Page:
The shadow of Control — a radically more successful immersion in the working-class music-scene of northwest England in the late 1970s — hangs especially heavily over England Is Mine, particularly in the second half when Morrissey’s creative frustrations send him into a downspin of depression, visually represented by repeated images of swirling waters. It’s only at this crackup-and-rebirth stage that his mother Elizabeth (Simone Kirby) plays much of a role, although Gill and Thacker (seemingly wary of Nowhere Boy comparisons) downplay the crucial creative influence of this librarian whose passion for her countryman Oscar Wilde was transmitted in full to her sponge-like offspring.
Instead, Gill emphasizes the musical environment that guided Morrissey’s path toward his own recording career, working with the excellent music supervisor Ian Neil to craft an eclectic soundtrack that stretches from George Formby to 1960s girl groups. This is a smart creative solution to the non-availability of Smiths/Morrissey tracks, but otherwise the various restrictions and evident budgetary restraints tend to work against the necessary verisimilitude.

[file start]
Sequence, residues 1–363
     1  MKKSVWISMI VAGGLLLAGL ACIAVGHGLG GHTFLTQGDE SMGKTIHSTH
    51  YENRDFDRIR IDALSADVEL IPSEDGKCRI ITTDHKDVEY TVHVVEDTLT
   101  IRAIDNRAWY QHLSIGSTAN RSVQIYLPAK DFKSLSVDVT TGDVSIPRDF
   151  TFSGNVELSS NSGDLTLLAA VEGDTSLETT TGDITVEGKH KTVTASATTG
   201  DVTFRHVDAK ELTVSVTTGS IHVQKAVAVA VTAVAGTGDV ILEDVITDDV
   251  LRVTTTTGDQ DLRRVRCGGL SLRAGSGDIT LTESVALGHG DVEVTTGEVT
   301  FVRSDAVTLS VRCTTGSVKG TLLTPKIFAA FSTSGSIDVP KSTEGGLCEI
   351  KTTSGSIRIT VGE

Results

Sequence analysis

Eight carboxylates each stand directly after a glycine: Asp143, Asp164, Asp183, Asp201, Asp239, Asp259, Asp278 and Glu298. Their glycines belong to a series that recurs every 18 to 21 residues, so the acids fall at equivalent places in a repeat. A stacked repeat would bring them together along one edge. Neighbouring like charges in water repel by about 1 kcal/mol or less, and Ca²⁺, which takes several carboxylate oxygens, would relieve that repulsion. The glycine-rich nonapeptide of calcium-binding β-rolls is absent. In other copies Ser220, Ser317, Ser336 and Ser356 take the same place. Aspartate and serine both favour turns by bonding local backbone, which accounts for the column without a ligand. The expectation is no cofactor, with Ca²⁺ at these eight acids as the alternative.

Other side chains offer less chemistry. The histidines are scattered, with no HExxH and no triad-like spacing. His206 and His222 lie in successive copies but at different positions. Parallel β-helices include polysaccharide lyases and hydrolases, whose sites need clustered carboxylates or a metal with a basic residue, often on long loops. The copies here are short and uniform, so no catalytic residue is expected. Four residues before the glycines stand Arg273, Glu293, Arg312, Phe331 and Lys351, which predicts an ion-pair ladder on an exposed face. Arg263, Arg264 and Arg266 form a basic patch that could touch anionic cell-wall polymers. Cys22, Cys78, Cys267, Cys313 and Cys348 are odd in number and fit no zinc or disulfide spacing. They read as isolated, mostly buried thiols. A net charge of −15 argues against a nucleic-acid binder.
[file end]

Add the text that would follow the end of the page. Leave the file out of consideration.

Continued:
England Is Mine is an unremarkable-looking picture on the whole, with serviceable widescreen cinematography by veteran Nic Knowland, whose early credits include similar rise-to-fame exercises The Great Rock ‘n’ Roll Swindle (1980) and Take It Or Leave It (1981). Chronicling the rise to fame of the Sex Pistols and Madness, respectively, in fanciful, quasi-documentary style, both films are buoyed by the kind of brio and enthusiastic confidence notably lacking from Gill’s half-cocked affair.
Production company: Honlodge
Cast: Jack Lowden, Jessica Brown Findlay, Simone Kirby, Adam Lawrence, Jodie Comer, Graeme Hawley, Laurie Kynaston
Director: Mark Gill
Screenwriters: Mark Gill, William Thacker
Producers: Baldwin Li, Orian Williams
Director of photography: Nic Knowland
Production designer: Helen Watson
Costume designers: Yvonne Duckett, Oliver Garcia
Music: Richard Skelton
Editor: Adam Biskupski
Casting: Shaheen Baig
Venue: Edinburgh Film Festival (closing)
Sales: HanWay Films